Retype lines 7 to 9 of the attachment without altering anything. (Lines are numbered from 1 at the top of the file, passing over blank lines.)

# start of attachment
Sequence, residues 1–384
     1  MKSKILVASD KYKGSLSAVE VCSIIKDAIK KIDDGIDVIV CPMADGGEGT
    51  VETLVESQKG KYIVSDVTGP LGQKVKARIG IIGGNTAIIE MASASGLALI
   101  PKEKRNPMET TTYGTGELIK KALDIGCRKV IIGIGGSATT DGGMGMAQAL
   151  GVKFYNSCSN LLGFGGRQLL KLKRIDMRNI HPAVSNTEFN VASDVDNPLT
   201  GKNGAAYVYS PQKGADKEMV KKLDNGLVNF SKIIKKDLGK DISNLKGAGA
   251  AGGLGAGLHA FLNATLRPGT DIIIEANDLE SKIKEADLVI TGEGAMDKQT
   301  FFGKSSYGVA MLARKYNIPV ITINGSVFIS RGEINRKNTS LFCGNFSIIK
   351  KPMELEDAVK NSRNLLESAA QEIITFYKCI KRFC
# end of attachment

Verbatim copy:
   251  AGGLGAGLHA FLNATLRPGT DIIIEANDLE SKIKEADLVI TGEGAMDKQT
   301  FFGKSSYGVA MLARKYNIPV ITINGSVFIS RGEINRKNTS LFCGNFSIIK
   351  KPMELEDAVK NSRNLLESAA QEIITFYKCI KRFC